Introduction to The Sheets

You are now staring at a piece of paper with a lot of mysterious numbers on it and a horse's name on top. You have a lot of questions. I can't answer them all at once, but if you stay with me step by step, I think I'll finally cover everything you need to know.

The Sheets are very, very accurate performance ratings graphed on a page. When you purchase a set of Sheets you receive a page, or "Sheet," for every horse running that day that has raced in North America.

Every time a horse runs a race it earns a rating on my sheet. If the horse is two years old, the figure goes in the column which occupies the left hand quarter of the sheet. Three-year-olds' figures are in the next quarter of the sheet -- just left of the center. Four-year-olds are in the third quarter of the sheet, just right of center; and five-year-olds are in the right hand quarter. Horses that are five or older have their recent races in the rightmost column, and prior years work backwards on the Sheet.

So, the most recent races are always in the column furthest to the right. Within each column, the most recent race is on top -- just as in the Racing Form. So, the most recent race is the figure in the furthest right column and is the highest-up race in that column. There is also a line indicating today's date, and the age and sex of the horse, which serves as a target for where today's race will go. How high up the race is on the sheet indicates the date it was run. On most sheets you can see the names of the months in the margin. Races halfway up the sheet were run in June; later months are higher up, and earlier months are lower down.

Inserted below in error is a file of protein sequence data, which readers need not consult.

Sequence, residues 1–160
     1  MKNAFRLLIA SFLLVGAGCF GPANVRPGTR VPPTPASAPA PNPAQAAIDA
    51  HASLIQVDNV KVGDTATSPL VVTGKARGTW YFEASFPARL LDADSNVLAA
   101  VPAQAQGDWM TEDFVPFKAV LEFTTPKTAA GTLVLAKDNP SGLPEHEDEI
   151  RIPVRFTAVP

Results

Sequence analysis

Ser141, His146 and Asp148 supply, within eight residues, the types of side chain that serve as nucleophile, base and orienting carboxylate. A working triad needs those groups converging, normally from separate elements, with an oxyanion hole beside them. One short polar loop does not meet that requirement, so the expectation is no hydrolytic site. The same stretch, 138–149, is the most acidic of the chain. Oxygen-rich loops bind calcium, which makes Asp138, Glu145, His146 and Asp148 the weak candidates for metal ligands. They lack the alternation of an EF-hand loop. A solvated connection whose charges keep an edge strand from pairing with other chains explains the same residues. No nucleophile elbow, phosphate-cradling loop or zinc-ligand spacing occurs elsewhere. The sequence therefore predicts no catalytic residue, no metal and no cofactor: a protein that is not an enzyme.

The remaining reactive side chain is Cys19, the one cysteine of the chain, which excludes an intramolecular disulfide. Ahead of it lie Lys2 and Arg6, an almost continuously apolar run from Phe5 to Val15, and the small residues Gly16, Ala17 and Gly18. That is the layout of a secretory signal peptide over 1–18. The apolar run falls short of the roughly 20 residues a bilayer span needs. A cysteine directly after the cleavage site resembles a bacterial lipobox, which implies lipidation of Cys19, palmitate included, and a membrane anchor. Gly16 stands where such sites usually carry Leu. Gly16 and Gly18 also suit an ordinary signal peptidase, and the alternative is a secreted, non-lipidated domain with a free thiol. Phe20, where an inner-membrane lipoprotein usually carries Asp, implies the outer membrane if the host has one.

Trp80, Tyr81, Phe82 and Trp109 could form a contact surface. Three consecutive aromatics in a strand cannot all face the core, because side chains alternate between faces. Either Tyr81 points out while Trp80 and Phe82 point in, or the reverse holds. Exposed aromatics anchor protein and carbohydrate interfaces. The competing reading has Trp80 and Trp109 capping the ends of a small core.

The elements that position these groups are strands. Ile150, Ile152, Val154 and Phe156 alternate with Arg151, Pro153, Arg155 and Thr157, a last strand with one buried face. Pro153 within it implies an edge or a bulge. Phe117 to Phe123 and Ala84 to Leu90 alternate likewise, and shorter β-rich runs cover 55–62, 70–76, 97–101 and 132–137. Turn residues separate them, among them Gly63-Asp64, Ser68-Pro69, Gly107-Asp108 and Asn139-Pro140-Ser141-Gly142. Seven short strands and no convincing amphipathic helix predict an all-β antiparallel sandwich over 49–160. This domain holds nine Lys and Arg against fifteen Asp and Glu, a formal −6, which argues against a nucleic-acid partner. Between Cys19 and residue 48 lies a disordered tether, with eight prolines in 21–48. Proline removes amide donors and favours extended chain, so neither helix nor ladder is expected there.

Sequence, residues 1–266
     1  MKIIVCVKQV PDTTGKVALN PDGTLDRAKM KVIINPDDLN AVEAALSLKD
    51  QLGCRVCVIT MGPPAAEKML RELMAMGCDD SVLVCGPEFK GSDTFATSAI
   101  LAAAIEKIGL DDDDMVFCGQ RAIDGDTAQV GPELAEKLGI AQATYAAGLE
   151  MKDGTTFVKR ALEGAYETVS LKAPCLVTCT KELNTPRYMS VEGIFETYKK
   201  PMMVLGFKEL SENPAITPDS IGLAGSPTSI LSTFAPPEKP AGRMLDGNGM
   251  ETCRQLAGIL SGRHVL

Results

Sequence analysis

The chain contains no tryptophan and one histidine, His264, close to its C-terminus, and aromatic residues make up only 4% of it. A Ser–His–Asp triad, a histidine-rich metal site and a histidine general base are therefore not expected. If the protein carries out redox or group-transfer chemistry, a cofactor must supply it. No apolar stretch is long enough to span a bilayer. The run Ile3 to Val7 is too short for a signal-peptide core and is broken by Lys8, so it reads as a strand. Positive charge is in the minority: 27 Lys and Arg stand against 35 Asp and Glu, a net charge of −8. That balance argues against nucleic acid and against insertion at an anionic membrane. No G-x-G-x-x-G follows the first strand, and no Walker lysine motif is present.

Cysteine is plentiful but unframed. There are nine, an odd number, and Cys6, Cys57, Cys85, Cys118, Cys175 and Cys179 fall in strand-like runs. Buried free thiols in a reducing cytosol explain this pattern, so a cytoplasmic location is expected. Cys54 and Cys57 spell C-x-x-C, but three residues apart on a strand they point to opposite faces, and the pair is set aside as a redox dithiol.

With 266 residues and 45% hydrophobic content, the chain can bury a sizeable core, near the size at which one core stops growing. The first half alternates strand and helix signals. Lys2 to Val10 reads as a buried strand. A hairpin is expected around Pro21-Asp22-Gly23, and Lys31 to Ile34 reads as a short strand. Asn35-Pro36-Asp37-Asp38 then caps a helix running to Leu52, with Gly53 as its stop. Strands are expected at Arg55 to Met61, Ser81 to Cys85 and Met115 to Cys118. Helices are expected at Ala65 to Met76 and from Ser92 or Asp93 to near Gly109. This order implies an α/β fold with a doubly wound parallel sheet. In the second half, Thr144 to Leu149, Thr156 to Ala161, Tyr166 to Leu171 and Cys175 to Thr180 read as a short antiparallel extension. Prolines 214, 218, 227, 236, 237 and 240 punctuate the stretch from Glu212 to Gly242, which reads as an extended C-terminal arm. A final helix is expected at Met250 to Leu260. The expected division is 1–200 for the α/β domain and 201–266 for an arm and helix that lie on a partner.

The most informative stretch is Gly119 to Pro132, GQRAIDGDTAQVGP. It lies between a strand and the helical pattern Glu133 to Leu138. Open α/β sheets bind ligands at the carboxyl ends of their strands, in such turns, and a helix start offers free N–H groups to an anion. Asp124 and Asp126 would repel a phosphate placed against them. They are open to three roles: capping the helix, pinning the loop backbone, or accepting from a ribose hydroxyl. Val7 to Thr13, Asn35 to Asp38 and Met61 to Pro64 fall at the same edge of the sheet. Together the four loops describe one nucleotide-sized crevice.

The arrangement of The Sheets is very helpful in handicapping, because it shows you very clearly how much time off the horse has taken between races. Unusual layoffs for instance, will stick out, and of course are a big danger sign, especially on cheaper horses. A slight extra rest for a healthy horse, on the other hand, may be a big plus. So, where each number is on the sheet tells you how old the horse was when that race was run, and what the date was.

Now, what do the numbers mean? Each figure shows how much quality the horse demonstrated on that day. Briefly, the rating includes speed, weight, allowance for unusual track condition, racing wide or saving ground, headwinds or tailwinds, peculiarities of track construction such as downhill areas, etc. The numbers generally range from zero to the forties. The lower the figure the better the race. The numbers measure how far away from a championship rating (zero) this horse was on this day.

Roughly speaking, a horse who runs a 12 will beat a horse who runs a 13 by something between one and two lengths. A horse who ran a 20 would trail these two but be a length or two ahead of a horse who ran a 21; and so forth. A champion horse, who runs in the low single figures or, on his best days, a zero, would be far ahead of these.

I used the words "roughly speaking" beacause a good number does not always come in ahead of a poorer number. These figures measure, as I said, the quality which the horse demonstrated -- that is, the physical effort which it put out. If a horse carries more weight than an opponent, or races wider than an opponent, or hesitates at the start while the others get off well, he can run a superior effort while finishing behind a horse who actually ran a race of poorer quality.